from Japan was one of the family members involved in the development of
the Kyokuto Speedway engine, but also produced
his own speedway engine in the mid-sixties under the brand name "EiCoH",
the name being derived from Engine
The EiCoH differed from the Kyokuto in many ways and in others, was similar to the Hedlund. A tensioned chain from the crankshaft drove the inlet cam, which in turn worked a series of gears to operate the exhaust cam. The cams had a fierce square profile and were actuated via steel rollers on the rockers, which ran in needle rollers themselves. For a 1967 speedway engine this was quite advanced technology. The Mitsubishi magneto was also gear driven and provided one hell of a spark.
In typical speedway fashion, the engine worked on a total loss lubrication
system. A much more efficient oil pump was sourced to combat overheating,
which sometime affected the Kyokuto. Everything apart from the head
and barrel were cased in alloy to keep weight down. Even the piston was
very lightweight, with a very short skirt and only two rings, (no oil ring
is needed in a total loss system).
Contemporary reports suggest that it was a tractable and powerful engine, but more through bad luck than anything else, the EiCoH never appeared on a speedway track outside of Japan. Less than twelve months after the first engine was released from the factory, dirt-track racing was banned in Japan. It would have been interesting to see if the EiCoH could have made an impact in speedway racing and challenged the supremacy of the JAP and the ESO. Kazuo Honda was so sure his engine could be a world-beater that he wanted to keep it quiet, hence the initial denial of its existence. There is no doubt that it did exist though as these photographs show.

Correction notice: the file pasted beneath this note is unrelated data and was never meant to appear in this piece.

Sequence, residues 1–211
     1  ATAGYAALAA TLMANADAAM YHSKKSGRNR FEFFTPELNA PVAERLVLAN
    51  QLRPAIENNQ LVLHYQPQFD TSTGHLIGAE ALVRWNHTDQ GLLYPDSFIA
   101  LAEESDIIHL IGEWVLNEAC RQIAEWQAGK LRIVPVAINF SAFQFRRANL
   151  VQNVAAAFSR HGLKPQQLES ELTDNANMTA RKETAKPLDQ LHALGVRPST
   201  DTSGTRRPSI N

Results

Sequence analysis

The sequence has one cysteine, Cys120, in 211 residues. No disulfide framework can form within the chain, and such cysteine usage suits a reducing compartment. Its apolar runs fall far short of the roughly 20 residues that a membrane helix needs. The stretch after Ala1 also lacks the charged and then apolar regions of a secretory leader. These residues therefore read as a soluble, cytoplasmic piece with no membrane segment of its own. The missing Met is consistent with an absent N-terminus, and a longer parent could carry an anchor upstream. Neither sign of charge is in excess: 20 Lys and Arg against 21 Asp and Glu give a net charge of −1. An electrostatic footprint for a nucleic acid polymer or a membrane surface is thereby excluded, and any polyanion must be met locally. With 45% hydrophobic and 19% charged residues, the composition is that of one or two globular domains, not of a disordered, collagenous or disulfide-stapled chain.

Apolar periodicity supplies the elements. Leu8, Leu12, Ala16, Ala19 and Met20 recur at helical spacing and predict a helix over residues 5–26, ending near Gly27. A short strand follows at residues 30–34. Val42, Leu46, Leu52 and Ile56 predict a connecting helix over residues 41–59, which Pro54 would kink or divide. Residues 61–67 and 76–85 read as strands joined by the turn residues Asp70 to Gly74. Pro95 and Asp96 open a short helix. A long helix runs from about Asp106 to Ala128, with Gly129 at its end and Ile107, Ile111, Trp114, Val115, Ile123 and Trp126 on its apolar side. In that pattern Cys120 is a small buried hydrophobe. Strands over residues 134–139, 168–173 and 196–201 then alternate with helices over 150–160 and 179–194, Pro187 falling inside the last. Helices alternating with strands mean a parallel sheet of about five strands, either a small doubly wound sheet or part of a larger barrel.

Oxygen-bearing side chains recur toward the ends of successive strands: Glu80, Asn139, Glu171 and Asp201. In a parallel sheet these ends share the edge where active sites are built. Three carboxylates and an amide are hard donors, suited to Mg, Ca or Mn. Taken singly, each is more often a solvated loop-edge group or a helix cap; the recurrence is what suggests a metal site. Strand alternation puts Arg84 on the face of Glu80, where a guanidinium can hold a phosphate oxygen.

Justin Boyle of Riverside, California writes:
"An eicoh speedway engine. The only one in existence. Been hiding in my garage. I've been trying to figure out the history for years. Nobody knew what it was."
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